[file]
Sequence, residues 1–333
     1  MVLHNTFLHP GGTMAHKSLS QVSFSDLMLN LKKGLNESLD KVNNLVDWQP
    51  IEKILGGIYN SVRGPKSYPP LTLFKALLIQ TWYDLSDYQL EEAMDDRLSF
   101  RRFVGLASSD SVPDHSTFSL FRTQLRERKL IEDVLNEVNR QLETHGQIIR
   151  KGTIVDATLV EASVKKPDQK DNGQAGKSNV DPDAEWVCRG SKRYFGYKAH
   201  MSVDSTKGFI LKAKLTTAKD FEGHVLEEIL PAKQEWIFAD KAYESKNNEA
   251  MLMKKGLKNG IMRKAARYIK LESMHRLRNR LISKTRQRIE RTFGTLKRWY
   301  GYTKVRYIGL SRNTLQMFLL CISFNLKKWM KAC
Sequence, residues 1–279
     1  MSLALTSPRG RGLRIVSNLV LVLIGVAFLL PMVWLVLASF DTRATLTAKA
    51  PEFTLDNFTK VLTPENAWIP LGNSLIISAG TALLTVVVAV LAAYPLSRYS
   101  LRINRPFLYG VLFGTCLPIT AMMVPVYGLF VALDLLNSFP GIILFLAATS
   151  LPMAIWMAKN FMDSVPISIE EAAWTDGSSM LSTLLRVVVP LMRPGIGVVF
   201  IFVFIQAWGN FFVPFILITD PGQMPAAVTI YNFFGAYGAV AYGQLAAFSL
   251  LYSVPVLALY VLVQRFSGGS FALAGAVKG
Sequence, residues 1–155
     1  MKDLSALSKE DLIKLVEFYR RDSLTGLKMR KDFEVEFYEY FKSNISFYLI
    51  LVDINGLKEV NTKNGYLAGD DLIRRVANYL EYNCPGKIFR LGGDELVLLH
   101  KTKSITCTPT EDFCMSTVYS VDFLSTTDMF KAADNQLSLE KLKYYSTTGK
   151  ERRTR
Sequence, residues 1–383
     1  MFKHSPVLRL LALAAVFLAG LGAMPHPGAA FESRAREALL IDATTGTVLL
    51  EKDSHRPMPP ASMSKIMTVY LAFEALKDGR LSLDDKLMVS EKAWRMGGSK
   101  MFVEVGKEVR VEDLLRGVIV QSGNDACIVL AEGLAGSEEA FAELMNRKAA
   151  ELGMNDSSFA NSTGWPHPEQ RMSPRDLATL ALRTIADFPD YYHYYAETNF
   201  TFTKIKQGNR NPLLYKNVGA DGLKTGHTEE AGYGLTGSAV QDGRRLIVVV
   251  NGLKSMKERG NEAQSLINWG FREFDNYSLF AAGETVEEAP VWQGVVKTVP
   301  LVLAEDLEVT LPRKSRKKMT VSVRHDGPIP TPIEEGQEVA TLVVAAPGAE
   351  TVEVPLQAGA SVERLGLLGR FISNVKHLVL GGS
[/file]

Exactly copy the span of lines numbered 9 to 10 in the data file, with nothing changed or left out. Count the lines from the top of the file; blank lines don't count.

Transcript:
Sequence, residues 1–279
     1  MSLALTSPRG RGLRIVSNLV LVLIGVAFLL PMVWLVLASF DTRATLTAKA